Can one create some "reversal clauses" in smart contracts that alleviate the immutability of Blockch

Hello everyone!

My question is the following:

Can one create some "reversal clauses" in smart contracts that alleviate the immutability of Blockchain?


I read recently an article stating that blockchain was immutable (I agree) and that it was impossible to foresee any clause, or I would say: "legal juridiction clawback", that could, for instance in case where a legal issue occurs, enable a judge to require the return of the asset to the initial owner.

Further, is there a way to design some quarantaine measures in case of a legal issue?

My question relates notably to the "self-destruct" function, a general private key ("to rule them all"), and all the others I do not have knowledge of!

Thanks in advance!

Note: I am a non-technical


  • o0ragman0oo0ragman0o Member, Moderator Posts: 1,291 mod
    @Glex What is 'immutable' is what has been committed to the blockchain itself. Ethereum is not just a blockchain but also a collective database refered to as it's 'State' which is 'mutable'. You can think of each smart contract having it's own bit of that database which only it can control. It's up to the smart contract to add modify, delete or destroy that data and up to the author to do it in a responsible manner. So even though a smart contract might allow 'self-destruct' that only deletes data from the State and not the bytecode or any transactions it performed on the blockchain.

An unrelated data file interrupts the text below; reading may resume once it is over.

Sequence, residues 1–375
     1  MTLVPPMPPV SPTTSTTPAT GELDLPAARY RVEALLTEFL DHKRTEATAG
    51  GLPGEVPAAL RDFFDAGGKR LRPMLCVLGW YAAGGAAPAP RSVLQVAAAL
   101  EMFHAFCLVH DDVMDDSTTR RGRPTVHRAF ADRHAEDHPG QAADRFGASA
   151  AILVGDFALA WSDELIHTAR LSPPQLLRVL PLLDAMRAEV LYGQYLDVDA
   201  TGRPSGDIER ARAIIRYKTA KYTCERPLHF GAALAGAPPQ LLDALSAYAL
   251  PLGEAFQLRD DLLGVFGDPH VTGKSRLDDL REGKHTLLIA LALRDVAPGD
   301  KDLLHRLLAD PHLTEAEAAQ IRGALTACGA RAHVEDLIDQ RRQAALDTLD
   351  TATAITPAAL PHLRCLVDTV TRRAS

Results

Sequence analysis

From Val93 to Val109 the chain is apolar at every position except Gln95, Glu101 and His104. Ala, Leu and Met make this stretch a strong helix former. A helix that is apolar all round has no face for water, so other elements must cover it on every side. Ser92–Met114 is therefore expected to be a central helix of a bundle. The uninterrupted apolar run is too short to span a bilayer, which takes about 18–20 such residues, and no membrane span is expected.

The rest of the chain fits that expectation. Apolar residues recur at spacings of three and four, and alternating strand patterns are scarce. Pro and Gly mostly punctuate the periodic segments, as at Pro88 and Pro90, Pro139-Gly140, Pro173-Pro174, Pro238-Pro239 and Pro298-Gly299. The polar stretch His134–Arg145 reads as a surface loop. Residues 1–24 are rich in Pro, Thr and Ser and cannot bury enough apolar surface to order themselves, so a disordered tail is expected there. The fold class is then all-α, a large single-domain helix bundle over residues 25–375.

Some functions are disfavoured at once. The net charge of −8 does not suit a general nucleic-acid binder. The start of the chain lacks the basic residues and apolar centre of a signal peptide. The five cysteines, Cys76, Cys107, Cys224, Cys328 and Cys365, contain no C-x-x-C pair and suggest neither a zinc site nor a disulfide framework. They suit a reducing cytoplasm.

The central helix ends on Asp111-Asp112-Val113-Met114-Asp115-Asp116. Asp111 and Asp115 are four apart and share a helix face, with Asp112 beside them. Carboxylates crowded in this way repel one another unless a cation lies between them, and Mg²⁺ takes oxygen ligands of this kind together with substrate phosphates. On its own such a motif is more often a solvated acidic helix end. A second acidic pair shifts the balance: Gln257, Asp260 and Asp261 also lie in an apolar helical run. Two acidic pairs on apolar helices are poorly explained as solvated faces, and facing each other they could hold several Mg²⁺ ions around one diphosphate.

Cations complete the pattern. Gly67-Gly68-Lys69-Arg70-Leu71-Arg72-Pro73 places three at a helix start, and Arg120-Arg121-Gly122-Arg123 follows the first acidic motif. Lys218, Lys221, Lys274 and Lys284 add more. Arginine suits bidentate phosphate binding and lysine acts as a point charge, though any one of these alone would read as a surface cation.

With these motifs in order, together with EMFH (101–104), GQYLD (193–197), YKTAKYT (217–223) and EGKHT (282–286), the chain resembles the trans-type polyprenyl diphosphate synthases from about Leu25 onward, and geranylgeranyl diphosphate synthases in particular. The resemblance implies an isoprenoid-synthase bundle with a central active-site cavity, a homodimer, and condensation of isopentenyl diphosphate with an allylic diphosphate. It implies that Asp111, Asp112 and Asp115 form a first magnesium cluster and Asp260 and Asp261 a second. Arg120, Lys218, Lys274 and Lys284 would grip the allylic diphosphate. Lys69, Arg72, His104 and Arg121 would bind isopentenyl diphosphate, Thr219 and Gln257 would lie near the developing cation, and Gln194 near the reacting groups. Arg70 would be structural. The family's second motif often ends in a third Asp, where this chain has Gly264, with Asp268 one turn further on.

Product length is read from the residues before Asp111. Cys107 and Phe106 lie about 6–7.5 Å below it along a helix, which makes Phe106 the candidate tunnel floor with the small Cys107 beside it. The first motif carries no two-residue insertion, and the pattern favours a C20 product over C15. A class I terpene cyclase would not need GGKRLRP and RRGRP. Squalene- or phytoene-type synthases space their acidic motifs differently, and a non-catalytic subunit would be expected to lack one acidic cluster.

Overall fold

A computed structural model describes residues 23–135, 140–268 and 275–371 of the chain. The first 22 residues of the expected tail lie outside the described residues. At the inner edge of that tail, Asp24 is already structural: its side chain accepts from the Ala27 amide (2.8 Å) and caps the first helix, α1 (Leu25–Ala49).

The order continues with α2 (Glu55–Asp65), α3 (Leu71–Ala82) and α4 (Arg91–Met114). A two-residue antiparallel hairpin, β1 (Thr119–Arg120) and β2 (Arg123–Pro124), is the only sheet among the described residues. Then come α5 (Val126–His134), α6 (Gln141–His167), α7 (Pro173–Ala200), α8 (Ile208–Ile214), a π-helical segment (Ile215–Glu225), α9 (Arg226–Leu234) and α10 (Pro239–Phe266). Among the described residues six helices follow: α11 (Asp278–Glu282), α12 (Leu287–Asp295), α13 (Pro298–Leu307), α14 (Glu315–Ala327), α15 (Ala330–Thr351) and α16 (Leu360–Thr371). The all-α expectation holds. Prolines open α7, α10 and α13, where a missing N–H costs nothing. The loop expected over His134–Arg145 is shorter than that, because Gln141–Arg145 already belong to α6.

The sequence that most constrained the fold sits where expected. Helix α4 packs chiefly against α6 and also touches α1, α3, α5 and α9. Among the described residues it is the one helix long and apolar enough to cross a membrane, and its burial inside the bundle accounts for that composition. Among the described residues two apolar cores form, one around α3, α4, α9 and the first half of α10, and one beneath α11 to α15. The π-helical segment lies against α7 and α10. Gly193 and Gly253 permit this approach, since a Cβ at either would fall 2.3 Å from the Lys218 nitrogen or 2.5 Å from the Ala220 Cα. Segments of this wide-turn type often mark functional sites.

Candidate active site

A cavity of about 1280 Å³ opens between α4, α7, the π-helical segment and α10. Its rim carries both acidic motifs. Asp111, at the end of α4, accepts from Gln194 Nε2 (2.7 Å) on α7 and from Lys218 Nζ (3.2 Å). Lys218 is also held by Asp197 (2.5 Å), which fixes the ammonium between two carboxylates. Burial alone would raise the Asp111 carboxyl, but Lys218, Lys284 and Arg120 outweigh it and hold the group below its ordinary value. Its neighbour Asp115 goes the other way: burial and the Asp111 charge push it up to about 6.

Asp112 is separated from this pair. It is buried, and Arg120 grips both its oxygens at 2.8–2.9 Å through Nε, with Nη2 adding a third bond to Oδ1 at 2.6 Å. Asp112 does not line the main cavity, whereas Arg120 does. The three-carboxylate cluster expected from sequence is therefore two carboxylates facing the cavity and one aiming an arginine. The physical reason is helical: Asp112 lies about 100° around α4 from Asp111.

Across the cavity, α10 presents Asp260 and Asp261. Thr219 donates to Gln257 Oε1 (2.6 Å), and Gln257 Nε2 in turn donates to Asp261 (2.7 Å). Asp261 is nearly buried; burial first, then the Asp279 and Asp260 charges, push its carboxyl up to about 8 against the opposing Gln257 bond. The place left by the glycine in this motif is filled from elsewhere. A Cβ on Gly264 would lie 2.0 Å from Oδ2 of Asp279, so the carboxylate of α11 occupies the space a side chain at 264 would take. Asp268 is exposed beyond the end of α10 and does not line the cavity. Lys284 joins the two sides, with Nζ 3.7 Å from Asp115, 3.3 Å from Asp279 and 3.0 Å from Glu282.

• GlexGlex Member Posts: 4
    Thanks for your answer. I understood it.

    But my question is rather to know whether it is possible to build a smart contract that says two things:

    1) Mr.X send 100 ETH (asset) to Mrs. Y on the 1st of July 2016. ==> Initial contract, no problem

    2) If Mr.Z (third party) request it in the 1 year after transaction occurred, the 100 ETH (asset) may be returned to Mr.X in full or in part. ==> Clawback clause or reverse transaction, ?

    Thanks a lot!
  • o0ragman0oo0ragman0o Member, Moderator Posts: 1,291 mod
    @glex The whole point of blockchain is so you can't rewrite history. If the transaction was just normal naive transaction and not part of some specifically written '12 month Escrow' like smart contract then there's nothing that could be done apart from forcing, by off chain methods (courts etc) Mrs Y to pay it back.
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